Tips for dog that tugs on leash?

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Tips for dog that tugs on leash?

This is a discussion on Tips for dog that tugs on leash? within the Dog Training and Behavior forums, part of the Keeping and Caring for Dogs category; Hey there again it's ya girl, asking ANOTHER question about walking dogs. So recap on my situation, I have a now 5 year old Rottie ...

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Old 07-23-2018, 11:57 PM
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Tips for dog that tugs on leash?

Hey there again it's ya girl, asking ANOTHER question about walking dogs. So recap on my situation, I have a now 5 year old Rottie mix that I adopted with my sister, but I was young when we got her so I didn't really have to do much. Recently however my sister's been busy with life so she's asked me if I could lighten the load by helping her walking Mina (our dog). Thing is, my sister had a very hippie style of teaching where she sort of let Mina do her own thing, as a result she's not very well trained and that just does NOT fly with me. I'm a sufferer of anxiety (getting better every day &#x1f44d so that means I like to be in control of the situation. Mina however also likes to be in control so it sort of feels like we are fighting for dominance every time I walk her. She tugs ALOT and though she's strong I can sort of hold my ground against her but when she wants to go sniff at something she WILL SNIFF IT and will try and drag me all the way over there desperately even though I wouldve let her sniff it anyway if we would've calmly passed by. I do this thing where I hold the leash up so she has less of it trying to make her understand that the more she acts like that the less space she's have to roam around but that seems to make her frustrated and be MORE of a rebel. I also tried treats but she actually takes them and then spits them out (LOL!)and Iknow she does it because she's mad at me because she takes them any other time. We go to an old empty basketball court where I let her roam free and she takes the treats there and listens to me but as soon as the leash is back on she tries to rebel against me. So, Yeah Thats pretty much what I'm working with here, tips or methods that you guys use? I saw a guy walking his golden retriever so peacefully today and I couldn't help but envy him LOL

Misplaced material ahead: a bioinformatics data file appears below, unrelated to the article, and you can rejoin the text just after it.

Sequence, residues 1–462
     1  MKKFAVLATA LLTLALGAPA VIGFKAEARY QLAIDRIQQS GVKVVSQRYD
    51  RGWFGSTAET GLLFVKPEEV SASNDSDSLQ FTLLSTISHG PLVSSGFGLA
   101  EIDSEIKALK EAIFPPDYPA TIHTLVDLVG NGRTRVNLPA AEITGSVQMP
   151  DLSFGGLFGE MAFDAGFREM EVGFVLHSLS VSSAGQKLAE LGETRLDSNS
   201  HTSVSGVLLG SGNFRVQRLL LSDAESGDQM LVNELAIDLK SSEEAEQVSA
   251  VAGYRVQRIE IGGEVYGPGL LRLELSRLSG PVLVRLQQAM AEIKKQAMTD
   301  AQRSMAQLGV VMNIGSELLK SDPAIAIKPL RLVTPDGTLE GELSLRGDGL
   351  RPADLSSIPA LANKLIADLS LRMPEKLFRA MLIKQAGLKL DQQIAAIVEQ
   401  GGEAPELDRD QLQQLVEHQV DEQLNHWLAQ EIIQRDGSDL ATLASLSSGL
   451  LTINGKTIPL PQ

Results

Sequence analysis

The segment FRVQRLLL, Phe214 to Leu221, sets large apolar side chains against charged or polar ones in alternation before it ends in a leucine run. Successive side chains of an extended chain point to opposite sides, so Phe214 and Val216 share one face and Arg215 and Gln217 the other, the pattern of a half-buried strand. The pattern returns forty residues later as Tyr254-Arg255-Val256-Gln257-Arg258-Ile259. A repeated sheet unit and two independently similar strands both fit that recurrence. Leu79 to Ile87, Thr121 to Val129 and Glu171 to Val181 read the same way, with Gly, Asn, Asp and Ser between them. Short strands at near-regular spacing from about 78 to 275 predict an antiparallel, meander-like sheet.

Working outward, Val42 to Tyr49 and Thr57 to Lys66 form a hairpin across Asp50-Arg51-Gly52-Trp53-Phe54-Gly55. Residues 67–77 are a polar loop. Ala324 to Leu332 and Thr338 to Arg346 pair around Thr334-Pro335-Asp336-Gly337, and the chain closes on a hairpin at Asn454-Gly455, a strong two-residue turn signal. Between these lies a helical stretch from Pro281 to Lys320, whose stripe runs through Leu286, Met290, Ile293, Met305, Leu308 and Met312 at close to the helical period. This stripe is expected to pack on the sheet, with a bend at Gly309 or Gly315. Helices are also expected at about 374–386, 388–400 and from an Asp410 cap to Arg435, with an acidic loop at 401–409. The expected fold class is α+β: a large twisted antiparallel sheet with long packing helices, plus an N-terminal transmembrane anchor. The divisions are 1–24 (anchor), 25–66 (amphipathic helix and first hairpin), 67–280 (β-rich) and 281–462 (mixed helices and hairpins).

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Old 08-03-2018, 09:17 PM
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If you are really at the "end of your leash" (couldn't help myself) then you might consider a pinch collar. I know these are controversial. So do your research first. Otherwise, obedience training is probably in order.
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Old 08-04-2018, 12:35 PM
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Hi! From my experience, it’s helped using a choke collar (the rope collar with the metal rings that slips over the dog’s neck). Make sure the collar sits high on the dog’s neck. You will have more control this way, even with a big dog. Also, be sure your dog is walking right beside you. If he starts to walk ahead of you, give a short quick tug on the leash & adjust the collar to make sure it’s still high on his neck. Another suggestion would be to keep the leash short until your dog gets used to walking right beside you. You don’t want to feel the leash tugging. Just give him enough lead to walk beside you freely, but not too much freedom that you can’t control the situation if you need to. He will get used to this. The key is to be consistent.
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Old 08-04-2018, 06:49 PM
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Here's my repost

For leash pulling... I use the STOP method. Very simple, but you have to have LOTS of patience and be consistent.

When my pups pull on the leash or are walking too fast I simply STOP. I say nothing. That is the trick. No yelling or nagging or begging. Within a few seconds my dog will generally turn to look at me as if "What the heck?? Why aren't we moving?"

I then proceed in our walking. No words needed but some times I still give tons of pos reinforcement with praise and some treats as needed. I am teaching her that her own good choices (walking at a reasonable pace) will get her what she wants (to keep walking and exploring)

The method works, but you have to be willing to put in the time and work. Lots of patience while the dog is learning your preferences. If dog pulls too much, you both STOP. Simple.

A dog doesn't pull to be alpha or dominant or any of that nonsense that some folks want us to believe, the dog pulls because it can! It is fun to be out on a walk and smell stuff. And personally I am a HUGE fan of letting the dog sniff a lot on a walk as this helps them learn about their environment. If I have to get somewhere fast I sometimes walk my dog closer to the middle of the street, not at curb, (if it safe!!) so they aren't tempted to sniff every blade of grass

Most times I let them sniff as much as they like. I equate it to the parents who take their kiddos into a store and immediately say don't touch anything. Whaat? What kind of teaching (or fun) is that for the kid? Let em touch some stuff and just look at some stuff. Same for dogs, a time for walking at your pace and a time for sniffing pleasure!! Readin' the peemail.
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